Jewish groups teach local schools how to get tough with bullies

One day last year in Greg Leveque’s art room at Charlotte Wood Middle School in Danville, a student began yelling at him.

“Faggot,” the boy shouted at his art teacher. “You’re a faggot.”

Gloria Moskowitz-Sweet

Leveque kicked him out of the classroom and sent him to the principal’s office. Leveque explained to the other students that kind of inflammatory language would never be tolerated in his or anyone else’s classroom on campus.

The boy’s father was soon called. In the principal’s office, he crossed his arms and turned to Leveque

“But you’re gay. So what’s the problem?” the father asked.

Leveque was bewildered. How could he teach tolerance if a student learned bigotry at home?

On Feb. 11, Leveque and his colleagues attended a training session, sponsored by the Anti-Defamation League, that would give all teachers the proper tools should they ever encounter a situation like Leveque did.

Nina Grotch

School staff were required to attend. Joined by parents and district administrators, teachers sat in the school’s library as ADL staffer Nina Grotch advised educators how to create and sustain a safe, accepting and bully-free environment for all students — and all teachers.

“If we begin in middle school to hold students accountable for their words and their actions, then it will provide them with a foundation of accountability when they get to high school,” Leveque said.

“I applaud the ADL for extending their hand to our school and for the work they’re trying to do with districts to help raise awareness and effectively combat discrimination on our campuses.”

But the ADL isn’t the only Jewish organization addressing bullying.

Parents Place at Jewish Family and Children’s Services in Palo Alto last year began offering a bullying prevention program known as Steps to Respect.

The need for anti-bullying initiatives is proven: One-third of American schoolchildren (or 5.7 million) are involved in some type of bullying, either as the bullied or the bully, according to the Center for the Prevention of School Violence. Of those bullied, one-third tell no one what they are experiencing.

The recent ADL-led workshop grew out of a November panel in Danville for Jewish parents, who shared with ADL staffers and others their frustrations and concerns that the needs of Jewish students were not being met.

After a series of district and parent meetings, officials agreed to schedule the ADL workshop to discuss these issues with staff and faculty. The Feb. 11 training explored responses to bullying and name calling as well as the connection between these acts and acts of hate.

ADL trainers talked not only about anti-Semitism, but also racism and homophobia

One-third of American schoolchildren are involved in some type of bullying, either as the bullied or the bully.

“The most important thing I learned,” Leveque said, “was to check my bias. I came away from the presentation asking: What are my biases? Where would I be less likely to interact? Where would I intervene? For example, a homophobic teacher might be less inclined to effectively address a slanderous comment.”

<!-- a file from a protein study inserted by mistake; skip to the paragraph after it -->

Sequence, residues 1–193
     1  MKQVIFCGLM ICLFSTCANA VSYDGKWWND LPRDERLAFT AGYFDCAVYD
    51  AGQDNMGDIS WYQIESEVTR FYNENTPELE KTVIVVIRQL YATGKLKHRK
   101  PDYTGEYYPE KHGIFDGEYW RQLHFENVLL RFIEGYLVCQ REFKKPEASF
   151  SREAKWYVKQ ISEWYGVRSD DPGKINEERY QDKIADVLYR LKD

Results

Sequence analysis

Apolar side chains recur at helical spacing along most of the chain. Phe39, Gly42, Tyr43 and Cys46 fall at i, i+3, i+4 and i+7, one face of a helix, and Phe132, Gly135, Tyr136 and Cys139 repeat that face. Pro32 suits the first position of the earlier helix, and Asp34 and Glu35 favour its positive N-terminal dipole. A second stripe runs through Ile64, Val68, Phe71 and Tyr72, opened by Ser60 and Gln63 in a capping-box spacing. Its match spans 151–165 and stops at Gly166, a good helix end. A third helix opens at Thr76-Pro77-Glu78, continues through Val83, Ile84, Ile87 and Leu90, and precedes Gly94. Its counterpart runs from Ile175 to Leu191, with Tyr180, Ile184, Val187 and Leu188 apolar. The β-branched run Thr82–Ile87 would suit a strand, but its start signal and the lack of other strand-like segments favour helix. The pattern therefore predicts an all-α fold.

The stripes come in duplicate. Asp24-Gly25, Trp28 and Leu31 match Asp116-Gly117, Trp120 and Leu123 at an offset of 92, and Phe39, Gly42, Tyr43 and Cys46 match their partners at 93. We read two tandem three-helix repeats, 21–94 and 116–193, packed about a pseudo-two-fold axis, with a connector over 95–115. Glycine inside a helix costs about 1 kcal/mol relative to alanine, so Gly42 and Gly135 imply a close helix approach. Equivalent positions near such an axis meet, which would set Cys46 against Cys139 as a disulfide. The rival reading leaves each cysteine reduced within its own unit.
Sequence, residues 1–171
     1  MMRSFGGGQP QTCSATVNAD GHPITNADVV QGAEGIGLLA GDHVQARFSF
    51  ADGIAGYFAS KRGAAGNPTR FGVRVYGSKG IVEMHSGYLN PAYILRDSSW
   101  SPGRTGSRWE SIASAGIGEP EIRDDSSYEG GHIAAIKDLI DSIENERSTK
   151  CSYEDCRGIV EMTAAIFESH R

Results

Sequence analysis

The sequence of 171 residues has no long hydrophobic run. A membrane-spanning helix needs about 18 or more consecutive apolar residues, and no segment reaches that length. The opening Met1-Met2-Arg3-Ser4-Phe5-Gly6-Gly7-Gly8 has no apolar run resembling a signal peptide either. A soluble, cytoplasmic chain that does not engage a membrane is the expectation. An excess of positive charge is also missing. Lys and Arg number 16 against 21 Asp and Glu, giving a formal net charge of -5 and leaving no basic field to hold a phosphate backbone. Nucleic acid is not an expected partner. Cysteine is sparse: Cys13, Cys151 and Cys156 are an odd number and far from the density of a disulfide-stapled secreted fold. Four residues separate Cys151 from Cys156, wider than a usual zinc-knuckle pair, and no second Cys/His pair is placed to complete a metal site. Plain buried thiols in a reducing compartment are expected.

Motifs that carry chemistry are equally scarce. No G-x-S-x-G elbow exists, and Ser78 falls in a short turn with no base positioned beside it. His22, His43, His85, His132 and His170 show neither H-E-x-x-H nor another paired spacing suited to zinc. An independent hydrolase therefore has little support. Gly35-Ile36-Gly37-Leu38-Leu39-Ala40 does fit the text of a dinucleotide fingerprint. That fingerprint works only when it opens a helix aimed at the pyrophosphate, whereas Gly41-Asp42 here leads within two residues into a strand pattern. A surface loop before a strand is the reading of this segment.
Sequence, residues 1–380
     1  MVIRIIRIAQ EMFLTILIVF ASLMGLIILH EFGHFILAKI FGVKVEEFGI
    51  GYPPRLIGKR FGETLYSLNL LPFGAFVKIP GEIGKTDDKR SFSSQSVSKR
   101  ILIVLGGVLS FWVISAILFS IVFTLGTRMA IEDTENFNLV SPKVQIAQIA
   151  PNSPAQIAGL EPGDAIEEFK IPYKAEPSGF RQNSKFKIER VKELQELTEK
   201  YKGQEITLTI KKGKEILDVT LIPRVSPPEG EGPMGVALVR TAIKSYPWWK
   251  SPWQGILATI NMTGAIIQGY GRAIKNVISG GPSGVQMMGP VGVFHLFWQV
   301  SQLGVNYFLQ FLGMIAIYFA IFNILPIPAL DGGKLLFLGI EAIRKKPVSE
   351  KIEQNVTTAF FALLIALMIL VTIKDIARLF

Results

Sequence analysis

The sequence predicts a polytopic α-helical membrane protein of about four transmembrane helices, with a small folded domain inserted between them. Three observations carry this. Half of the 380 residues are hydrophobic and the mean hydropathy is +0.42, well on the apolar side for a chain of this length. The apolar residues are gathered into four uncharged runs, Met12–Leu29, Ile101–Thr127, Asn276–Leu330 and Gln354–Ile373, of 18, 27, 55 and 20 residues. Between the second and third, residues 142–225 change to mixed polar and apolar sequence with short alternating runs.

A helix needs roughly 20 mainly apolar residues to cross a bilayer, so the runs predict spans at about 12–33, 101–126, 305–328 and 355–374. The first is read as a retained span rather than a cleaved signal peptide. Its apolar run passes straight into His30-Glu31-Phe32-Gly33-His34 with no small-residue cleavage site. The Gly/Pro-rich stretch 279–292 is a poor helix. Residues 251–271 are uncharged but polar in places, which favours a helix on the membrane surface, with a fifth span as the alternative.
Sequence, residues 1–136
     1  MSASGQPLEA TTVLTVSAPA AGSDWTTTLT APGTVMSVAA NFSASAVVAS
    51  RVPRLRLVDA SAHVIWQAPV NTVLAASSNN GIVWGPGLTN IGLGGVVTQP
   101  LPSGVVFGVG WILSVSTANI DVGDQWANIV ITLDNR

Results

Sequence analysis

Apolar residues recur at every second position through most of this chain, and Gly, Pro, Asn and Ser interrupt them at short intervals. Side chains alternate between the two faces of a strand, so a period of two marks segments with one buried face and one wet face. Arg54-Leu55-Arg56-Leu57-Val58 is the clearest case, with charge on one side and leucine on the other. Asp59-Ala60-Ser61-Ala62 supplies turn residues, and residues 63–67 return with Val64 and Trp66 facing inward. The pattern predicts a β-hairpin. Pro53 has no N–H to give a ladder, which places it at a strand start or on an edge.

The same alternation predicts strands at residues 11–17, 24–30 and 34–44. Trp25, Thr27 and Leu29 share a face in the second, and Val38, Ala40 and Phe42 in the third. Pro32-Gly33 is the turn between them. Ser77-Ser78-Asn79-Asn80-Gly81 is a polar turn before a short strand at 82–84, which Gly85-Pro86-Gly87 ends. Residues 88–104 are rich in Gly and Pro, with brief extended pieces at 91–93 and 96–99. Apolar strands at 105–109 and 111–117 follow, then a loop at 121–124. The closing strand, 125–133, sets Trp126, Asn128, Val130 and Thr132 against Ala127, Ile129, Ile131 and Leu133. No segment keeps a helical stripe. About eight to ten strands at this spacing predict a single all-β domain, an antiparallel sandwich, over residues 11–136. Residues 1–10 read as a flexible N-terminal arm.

Anti-bullying education has become more common in the past several years, as educators have realized that students cannot successfully learn — or meet state benchmarks — in an environment where they don’t feel safe.

The tipping point came within the past few years, when a new kind of bullying — cyberbullying — entered the lexicon and the school culture. Cyberbullying can happen via e-mails, instant messages, text messages or blogs, to name a few.

The ADL has served as a resource to nearly 80 schools in the Bay Area via its national diversity education program, which includes workshops and trainings for teachers, administrators and parents.

The program also trains students to be peer educators and empowers them to stand up to hatred and intolerance in their communities.

“It’s great the way the ADL has taken their original charge [to fight anti-Semitism] and really expanded it to include all the different diverse groups that experience cruelty in our society,” said Sandy Budde, principal at Charlotte Wood Middle School.

JFCS’ training, like the ADL’s, is also aimed at school administrators, teachers and parents. It focuses on schools and communities working together to create systemic change and increase student safety in a school environment.

Twenty-one schools or Parent Teacher Associations have asked JFCS to train staff in its bullying prevention program.

“We talk about the many faces of social cruelty,” said Gloria Moskowitz-Sweet, coordinator of the Parents Place Community Education Center in Palo Alto.

The training proposes that children are not bullies, but are trying on “bullying behavior” — which suggests that bullying is a learned behavior that can be changed.

It also talks about the “bystander,” students who watch their peers being bullied but don’t speak up —  accounting for 85 percent of a school’s population.

“If we can empower the bystander to stand up, speak up and act out against injustice, then we can shift the school culture and climate, and that’s the goal,” said Moskowitz-Sweet.

For information on bullying prevention, contact Nina Grotch at the ADL, (415) 981-3500 ext. 227 or [email protected], or Gloria Moskowitz-Sweet at JFCS, (650) 688-3037 or [email protected].

The ADL is hosting a summit for educators about cyberbullying on April 3 from 8 a.m. to 3 p.m. at the Microsoft Silicon Valley Campus in Mountain View. Registration required by contacting Nina Grotch at (415) 981-3500 or at [email protected].


Stacey Palevsky

Stacey Palevsky is a former J. staff writer.